|Generation after generation the same children’s games have been played in school playgrounds the length and breadth of Britain. Keenly learnt from child to child, from year to year, it is an exclusive club where game rules are stringently enforced, loyalty is paramount, and team allegiances are power.
Conkers was first played in the Isle of Wight in 1848 with snail shells, taking its name from the French ‘Conch’. Ring a Ring o’ Roses derives from the Great Plague of 1665, hence ‘We all fall down’. And ‘Hopscotch’ was inspired by soldiers’ footwork exercises dating back to the Roman occupation.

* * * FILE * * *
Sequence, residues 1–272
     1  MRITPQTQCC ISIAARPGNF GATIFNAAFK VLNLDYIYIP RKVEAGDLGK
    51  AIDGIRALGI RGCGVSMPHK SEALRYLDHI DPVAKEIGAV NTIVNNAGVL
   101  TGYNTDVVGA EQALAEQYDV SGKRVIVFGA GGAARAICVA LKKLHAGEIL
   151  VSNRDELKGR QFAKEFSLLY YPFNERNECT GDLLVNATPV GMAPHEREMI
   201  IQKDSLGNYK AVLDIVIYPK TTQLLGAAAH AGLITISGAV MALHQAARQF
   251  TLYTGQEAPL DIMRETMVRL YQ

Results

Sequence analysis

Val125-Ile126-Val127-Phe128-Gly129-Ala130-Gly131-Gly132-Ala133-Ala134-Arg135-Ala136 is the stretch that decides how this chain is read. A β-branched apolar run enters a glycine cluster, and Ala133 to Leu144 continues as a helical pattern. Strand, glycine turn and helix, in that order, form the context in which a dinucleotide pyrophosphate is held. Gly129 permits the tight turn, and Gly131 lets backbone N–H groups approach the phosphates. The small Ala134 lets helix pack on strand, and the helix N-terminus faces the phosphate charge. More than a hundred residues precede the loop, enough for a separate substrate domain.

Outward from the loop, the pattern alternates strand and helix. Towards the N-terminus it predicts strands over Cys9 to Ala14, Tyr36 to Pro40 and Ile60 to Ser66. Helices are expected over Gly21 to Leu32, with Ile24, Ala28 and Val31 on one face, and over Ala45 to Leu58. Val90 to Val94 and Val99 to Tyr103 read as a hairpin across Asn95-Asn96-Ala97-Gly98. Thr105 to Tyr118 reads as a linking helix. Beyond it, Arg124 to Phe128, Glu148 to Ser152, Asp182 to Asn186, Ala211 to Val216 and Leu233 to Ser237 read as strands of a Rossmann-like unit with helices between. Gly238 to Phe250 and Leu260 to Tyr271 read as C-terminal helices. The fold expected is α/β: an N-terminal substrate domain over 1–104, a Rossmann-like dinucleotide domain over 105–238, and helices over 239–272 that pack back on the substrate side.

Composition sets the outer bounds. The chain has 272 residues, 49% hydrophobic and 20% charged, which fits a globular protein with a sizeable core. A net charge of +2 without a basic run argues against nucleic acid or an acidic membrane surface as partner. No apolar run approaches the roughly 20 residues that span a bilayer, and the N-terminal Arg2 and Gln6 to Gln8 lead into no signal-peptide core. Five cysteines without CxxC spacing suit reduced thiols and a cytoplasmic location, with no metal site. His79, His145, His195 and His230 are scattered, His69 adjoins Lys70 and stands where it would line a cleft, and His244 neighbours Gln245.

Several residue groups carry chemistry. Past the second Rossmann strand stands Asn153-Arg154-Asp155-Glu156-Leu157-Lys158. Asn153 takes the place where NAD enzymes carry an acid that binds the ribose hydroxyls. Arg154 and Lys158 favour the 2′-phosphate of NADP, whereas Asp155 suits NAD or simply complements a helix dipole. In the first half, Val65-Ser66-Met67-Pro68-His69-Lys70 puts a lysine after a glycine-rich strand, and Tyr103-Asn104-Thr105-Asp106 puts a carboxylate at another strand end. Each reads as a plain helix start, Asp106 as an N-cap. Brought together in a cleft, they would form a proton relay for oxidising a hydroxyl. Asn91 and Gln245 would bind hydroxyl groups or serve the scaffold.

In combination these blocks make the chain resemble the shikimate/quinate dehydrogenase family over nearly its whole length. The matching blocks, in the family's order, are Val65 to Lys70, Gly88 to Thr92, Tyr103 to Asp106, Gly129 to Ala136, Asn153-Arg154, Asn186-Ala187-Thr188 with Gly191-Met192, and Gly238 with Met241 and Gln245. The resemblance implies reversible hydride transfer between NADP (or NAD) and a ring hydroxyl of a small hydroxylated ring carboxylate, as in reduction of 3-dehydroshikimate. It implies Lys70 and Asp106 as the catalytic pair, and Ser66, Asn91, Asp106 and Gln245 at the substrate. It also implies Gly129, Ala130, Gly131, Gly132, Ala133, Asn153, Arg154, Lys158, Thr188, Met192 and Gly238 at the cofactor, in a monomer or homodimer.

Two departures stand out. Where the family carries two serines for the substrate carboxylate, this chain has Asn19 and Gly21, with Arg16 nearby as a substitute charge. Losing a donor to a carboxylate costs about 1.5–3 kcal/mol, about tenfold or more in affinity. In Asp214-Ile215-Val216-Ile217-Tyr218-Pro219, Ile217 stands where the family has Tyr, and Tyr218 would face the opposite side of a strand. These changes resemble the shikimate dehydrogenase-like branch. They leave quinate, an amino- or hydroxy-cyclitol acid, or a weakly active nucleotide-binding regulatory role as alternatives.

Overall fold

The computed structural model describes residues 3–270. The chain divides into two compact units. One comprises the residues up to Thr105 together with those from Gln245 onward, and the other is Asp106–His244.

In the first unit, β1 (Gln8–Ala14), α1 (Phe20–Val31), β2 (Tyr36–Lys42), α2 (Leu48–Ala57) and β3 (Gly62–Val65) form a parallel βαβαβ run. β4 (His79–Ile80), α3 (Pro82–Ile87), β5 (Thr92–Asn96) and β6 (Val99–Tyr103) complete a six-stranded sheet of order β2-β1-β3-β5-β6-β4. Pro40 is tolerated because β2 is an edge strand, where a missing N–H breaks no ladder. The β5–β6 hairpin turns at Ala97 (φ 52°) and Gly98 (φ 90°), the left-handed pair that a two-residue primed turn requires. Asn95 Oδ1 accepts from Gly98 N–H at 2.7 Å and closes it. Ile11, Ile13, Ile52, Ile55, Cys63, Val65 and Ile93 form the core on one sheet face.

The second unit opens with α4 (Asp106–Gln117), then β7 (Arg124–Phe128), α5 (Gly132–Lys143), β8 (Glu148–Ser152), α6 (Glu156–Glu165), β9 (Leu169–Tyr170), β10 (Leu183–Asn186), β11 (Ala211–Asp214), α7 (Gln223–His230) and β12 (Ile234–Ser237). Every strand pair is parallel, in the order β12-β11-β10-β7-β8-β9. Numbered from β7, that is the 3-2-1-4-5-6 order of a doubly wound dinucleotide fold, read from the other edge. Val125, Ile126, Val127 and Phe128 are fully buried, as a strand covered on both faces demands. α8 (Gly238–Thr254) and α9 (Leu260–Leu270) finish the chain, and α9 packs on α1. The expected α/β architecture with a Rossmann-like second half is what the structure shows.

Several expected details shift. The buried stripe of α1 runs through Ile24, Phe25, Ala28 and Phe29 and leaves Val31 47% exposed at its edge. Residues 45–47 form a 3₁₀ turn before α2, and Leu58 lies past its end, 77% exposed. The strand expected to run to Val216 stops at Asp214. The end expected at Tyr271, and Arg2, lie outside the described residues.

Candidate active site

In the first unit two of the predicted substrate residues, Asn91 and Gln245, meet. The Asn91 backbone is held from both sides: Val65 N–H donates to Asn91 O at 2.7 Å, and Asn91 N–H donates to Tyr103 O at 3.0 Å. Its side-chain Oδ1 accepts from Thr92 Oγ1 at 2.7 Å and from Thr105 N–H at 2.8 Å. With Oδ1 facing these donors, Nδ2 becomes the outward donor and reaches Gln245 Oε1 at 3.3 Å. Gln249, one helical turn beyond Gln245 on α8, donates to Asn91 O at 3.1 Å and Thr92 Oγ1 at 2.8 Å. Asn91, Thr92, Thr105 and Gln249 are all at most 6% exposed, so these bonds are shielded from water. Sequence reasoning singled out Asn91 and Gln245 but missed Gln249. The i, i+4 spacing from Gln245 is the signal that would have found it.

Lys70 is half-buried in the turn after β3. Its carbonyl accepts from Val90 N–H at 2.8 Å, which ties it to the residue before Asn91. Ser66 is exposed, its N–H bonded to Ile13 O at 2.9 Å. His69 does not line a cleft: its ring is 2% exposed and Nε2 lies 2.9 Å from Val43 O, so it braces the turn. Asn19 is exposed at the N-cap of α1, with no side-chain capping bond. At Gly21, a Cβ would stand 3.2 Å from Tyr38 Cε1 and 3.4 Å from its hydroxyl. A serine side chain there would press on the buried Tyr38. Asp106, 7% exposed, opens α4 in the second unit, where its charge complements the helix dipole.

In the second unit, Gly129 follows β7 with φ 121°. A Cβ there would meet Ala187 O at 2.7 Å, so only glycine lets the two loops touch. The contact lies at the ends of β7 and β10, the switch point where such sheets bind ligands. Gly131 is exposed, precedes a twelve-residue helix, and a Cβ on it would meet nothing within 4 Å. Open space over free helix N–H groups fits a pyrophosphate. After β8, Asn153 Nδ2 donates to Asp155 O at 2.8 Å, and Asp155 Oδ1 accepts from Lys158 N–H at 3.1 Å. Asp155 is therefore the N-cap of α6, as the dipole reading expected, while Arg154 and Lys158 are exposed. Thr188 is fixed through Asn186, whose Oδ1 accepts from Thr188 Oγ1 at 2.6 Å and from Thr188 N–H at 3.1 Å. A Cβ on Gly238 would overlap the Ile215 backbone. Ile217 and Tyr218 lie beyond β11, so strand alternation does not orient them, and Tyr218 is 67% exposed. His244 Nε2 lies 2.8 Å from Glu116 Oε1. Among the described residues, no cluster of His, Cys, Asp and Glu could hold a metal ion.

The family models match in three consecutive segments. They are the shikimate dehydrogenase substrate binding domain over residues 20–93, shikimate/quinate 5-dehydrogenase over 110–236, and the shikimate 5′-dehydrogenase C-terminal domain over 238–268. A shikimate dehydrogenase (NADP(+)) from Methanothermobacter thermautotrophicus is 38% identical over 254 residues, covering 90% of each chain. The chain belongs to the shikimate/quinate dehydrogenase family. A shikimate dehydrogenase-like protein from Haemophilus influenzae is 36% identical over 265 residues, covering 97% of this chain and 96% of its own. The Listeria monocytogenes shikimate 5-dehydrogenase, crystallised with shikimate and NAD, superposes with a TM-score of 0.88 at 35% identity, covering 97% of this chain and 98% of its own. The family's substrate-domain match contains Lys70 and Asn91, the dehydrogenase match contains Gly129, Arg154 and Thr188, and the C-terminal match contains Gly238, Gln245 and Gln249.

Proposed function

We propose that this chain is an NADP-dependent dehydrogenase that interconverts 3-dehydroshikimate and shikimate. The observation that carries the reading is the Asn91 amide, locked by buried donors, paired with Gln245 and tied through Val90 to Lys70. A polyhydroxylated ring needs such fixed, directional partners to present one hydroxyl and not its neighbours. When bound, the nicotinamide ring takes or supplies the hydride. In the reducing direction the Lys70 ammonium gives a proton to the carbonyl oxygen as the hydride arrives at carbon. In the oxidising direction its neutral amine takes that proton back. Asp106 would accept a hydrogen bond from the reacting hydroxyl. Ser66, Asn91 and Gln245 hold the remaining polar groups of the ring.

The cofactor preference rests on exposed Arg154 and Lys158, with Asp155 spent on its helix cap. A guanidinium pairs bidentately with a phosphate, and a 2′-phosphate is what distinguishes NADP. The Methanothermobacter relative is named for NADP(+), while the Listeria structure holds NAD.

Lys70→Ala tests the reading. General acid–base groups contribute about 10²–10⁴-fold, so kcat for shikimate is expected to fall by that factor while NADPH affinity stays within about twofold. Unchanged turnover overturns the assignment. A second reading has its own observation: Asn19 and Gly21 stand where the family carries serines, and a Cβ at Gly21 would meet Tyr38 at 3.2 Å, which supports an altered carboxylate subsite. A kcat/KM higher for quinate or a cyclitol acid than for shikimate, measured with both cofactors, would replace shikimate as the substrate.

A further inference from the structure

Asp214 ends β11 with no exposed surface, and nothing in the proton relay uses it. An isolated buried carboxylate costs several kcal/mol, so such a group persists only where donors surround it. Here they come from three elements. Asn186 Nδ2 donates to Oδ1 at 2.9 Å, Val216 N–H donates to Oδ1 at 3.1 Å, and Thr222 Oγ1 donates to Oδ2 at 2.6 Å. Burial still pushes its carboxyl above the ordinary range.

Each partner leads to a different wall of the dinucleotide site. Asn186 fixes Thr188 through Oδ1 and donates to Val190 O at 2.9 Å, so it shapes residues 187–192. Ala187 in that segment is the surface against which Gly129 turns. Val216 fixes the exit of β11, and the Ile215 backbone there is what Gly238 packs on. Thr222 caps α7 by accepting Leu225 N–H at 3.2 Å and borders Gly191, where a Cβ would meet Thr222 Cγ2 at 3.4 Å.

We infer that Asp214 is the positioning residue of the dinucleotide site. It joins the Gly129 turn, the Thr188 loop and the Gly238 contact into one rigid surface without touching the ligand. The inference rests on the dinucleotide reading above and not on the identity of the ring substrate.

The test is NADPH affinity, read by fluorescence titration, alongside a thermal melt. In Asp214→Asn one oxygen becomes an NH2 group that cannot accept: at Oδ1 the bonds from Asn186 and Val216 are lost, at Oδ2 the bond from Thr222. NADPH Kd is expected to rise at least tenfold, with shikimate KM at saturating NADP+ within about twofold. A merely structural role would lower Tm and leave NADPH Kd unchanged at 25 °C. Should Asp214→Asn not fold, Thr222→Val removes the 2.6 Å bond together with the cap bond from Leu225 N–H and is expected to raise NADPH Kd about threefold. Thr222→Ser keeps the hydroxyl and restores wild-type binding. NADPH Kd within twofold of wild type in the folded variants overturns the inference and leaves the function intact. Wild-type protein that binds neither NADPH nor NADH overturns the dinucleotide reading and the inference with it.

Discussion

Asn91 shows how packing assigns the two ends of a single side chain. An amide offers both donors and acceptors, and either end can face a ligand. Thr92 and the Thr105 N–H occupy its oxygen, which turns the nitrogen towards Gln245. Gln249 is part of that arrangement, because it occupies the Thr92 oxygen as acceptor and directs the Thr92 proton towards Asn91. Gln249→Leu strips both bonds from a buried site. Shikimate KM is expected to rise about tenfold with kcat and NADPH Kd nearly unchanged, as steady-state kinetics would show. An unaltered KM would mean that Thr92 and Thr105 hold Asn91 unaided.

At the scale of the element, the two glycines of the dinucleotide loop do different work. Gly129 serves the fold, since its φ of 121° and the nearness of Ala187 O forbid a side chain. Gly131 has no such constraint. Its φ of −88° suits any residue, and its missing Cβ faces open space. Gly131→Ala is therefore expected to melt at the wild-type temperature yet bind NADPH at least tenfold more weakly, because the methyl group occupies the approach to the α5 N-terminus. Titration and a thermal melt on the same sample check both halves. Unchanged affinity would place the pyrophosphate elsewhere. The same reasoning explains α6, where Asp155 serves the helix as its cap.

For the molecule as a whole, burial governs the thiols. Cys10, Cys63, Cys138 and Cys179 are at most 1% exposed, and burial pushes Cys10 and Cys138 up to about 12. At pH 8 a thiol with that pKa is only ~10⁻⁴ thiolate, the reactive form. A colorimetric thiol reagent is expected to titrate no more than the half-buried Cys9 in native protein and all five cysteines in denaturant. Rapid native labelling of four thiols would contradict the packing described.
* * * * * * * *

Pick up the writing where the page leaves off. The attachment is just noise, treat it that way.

These traditions create an enchanting, folkloric portrait of the nation's history.